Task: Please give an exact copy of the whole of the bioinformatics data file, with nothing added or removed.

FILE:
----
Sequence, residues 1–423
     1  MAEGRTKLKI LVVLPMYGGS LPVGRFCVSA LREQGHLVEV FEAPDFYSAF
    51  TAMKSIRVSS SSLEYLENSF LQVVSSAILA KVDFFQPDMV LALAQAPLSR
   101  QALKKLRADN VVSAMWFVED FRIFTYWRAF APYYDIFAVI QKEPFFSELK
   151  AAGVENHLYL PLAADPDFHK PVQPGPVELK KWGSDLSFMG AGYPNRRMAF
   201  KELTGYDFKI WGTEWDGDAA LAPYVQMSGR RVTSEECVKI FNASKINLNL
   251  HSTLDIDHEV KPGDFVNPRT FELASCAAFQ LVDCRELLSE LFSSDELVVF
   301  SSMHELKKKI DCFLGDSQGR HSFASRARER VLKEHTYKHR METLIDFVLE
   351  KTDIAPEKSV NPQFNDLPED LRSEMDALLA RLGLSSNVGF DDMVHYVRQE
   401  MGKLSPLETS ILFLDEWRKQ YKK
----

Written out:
Sequence, residues 1–423
     1  MAEGRTKLKI LVVLPMYGGS LPVGRFCVSA LREQGHLVEV FEAPDFYSAF
    51  TAMKSIRVSS SSLEYLENSF LQVVSSAILA KVDFFQPDMV LALAQAPLSR
   101  QALKKLRADN VVSAMWFVED FRIFTYWRAF APYYDIFAVI QKEPFFSELK
   151  AAGVENHLYL PLAADPDFHK PVQPGPVELK KWGSDLSFMG AGYPNRRMAF
   201  KELTGYDFKI WGTEWDGDAA LAPYVQMSGR RVTSEECVKI FNASKINLNL
   251  HSTLDIDHEV KPGDFVNPRT FELASCAAFQ LVDCRELLSE LFSSDELVVF
   301  SSMHELKKKI DCFLGDSQGR HSFASRARER VLKEHTYKHR METLIDFVLE
   351  KTDIAPEKSV NPQFNDLPED LRSEMDALLA RLGLSSNVGF DDMVHYVRQE
   401  MGKLSPLETS ILFLDEWRKQ YKK